April 25, 2019

On-board camera replays from this week’s PSLV launch


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For the first time, the Indian Space Research Organization has released stunning imagery from cameras mounted on-board a Polar Satellite Launch Vehicle heading to orbit this Wednesday with a satellite to survey natural resources and urban growth.

While the video was downlinked at a low frame rate, the imagery shows the 145-foot-tall (44-meter) rocket lifting off from the Satish Dhawan Space Center on India’s east coast at 0455 GMT Wednesday (10:25 a.m. local time; 11:55 p.m. EST Tuesday), soaring through low clouds, then releasing its six strap-on solid rocket boosters in the first 90 seconds of flight.

The video clip then jumps ahead, skipping the separation of the first and second stages, to show the release of two halves of the PSLV’s clamshell-like nose fairing around two-and-a-half minutes into the mission.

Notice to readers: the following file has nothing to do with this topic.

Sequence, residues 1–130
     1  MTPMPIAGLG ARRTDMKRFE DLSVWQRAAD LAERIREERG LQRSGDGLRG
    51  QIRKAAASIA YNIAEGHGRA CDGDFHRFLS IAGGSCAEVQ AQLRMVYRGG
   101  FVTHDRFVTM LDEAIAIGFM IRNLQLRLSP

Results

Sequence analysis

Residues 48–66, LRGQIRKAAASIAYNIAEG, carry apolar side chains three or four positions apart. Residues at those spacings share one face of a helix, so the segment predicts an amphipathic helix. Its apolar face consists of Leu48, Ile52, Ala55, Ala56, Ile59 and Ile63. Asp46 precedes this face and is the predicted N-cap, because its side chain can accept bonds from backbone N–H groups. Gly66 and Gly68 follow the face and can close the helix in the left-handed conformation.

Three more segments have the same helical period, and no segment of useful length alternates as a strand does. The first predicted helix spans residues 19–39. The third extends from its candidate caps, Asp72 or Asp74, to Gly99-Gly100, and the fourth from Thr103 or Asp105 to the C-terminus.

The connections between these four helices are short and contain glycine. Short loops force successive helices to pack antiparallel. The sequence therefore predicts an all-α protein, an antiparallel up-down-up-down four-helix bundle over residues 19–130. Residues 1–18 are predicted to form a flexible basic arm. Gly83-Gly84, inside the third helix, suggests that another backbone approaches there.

A second video released by ISRO shows the separation of the Resourcesat 2A satellite in polar orbit more than 500 miles (800 kilometers) above Earth. Moments after its deployment, the spacecraft extends its power-generating solar panels at the start of its five-year Earth observation mission.

Engineers at a ground control station in Bangalore took over control of the spacecraft immediately after separation from the PSLV’s fourth stage, ISRO said.

“In the coming days, the satellite will be brought to its final operational configuration following which it will begin to provide imagery from its three cameras,” ISRO said in a statement. “The data sent by Resourcesat 2A will be useful for agricultural applications like crop area and crop production estimation, drought monitoring, soil mapping, cropping system analysis and farm advisories generation.”

Wednesday’s launch was the 38th flight of India’s PSLV, and its 37th straight success.

More still photos from the launch are posted below.

Photo credit: ISRO
Photo credit: ISRO
Photo credit: ISRO
Photo credit: ISRO
Photo credit: ISRO
Photo credit: ISRO
Photo credit: ISRO
Photo credit: ISRO
Photo credit: ISRO
Photo credit: ISRO
Photo credit: ISRO
Photo credit: ISRO

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Follow Stephen Clark on Twitter: @StephenClark1.


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